We all know Apple moves in its own way. While some were disappointed that the company didn’t mention AI at WWDC or during any of its keynotes this year, several reports – and Apple itself – showed that Cupertino is heavily betting on this technology by investing a lot of money into research and also under the hood of its products.
Now, the company is giving a little taste of its AI capabilities by quietly releasing its Deep Learning framework as an open-source code. This news was discovered by X user Delip Rao. The new MLX framework runs natively on Apple Silicon with a single pip install and no other dependencies, and it’s brought by people by the machine learning research team at Apple. Here are the top features of MLX:
- Familiar APIs: MLX has a Python API that closely follows NumPy. MLX also has a fully featured C++ API, which closely mirrors the Python API. MLX has higher-level packages like
mlx.optimizerswith APIs that closely follow PyTorch to simplify building more complex models.
- Composable function transformations: MLX has composable function transformations for automatic differentiation, automatic vectorization, and computation graph optimization.
- Lazy computation: Computations in MLX are lazy. Arrays are only materialized when needed.
- Dynamic graph construction: Computation graphs in MLX are built dynamically. Changing the shapes of function arguments does not trigger slow compilations, and debugging is simple and intuitive.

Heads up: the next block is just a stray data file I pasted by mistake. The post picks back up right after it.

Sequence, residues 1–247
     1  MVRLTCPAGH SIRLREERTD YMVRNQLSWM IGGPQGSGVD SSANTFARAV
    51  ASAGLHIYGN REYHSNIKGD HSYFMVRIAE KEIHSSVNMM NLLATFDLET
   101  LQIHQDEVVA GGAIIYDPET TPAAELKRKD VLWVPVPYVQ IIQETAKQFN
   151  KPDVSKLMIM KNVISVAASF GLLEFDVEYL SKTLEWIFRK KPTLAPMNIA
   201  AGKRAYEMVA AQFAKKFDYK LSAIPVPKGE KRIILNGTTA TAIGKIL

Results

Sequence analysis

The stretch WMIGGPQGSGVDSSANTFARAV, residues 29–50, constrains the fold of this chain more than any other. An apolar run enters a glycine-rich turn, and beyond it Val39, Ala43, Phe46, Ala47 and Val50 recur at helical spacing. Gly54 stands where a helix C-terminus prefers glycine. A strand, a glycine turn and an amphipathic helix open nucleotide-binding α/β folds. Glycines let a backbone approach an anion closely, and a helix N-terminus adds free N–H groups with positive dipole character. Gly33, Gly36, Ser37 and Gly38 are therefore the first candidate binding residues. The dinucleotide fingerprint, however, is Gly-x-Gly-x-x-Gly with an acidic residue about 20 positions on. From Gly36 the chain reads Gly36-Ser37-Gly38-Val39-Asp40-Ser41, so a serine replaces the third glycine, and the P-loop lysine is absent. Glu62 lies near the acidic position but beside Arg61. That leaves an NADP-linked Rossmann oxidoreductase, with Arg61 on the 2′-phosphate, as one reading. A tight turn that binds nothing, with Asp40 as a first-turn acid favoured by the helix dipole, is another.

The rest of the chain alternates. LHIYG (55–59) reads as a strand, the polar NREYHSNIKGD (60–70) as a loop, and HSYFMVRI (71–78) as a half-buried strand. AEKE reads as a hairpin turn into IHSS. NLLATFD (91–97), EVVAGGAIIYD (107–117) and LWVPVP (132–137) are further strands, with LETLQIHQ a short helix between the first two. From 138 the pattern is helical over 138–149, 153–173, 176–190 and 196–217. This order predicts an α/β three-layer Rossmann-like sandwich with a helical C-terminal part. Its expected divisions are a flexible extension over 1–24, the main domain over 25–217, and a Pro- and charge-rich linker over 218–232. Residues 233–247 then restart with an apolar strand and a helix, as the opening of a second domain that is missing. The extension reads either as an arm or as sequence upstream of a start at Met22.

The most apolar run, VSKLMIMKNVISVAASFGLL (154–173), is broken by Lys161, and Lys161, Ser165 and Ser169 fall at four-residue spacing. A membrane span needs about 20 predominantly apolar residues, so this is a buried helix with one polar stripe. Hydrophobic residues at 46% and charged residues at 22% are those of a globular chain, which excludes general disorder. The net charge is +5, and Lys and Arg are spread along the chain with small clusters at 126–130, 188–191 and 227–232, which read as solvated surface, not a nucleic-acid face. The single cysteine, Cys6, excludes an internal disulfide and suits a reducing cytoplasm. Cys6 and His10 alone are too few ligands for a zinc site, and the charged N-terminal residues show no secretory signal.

- Multi-device: Operations can run on any of the supported devices (currently, the CPU and GPU).
- Unified memory: A notable difference between MLX and other frameworks is the unified memory model. Arrays in MLX live in shared memory. Operations on MLX arrays can be performed on any of the supported device types without moving data.
On Github, Apple researchers explain how people should use its AI framework: “MLX is designed by machine learning researchers for machine learning researchers. The framework is intended to be user-friendly but still efficient to train and deploy models. The design of the framework itself is also conceptually simple. We intend to make it easy for researchers to extend and improve MLX with the goal of quickly exploring new ideas.”
With that in mind, 2024 looks like the year Tim Cook won’t stop talking about AI or, at least, machine learning during Apple keynotes.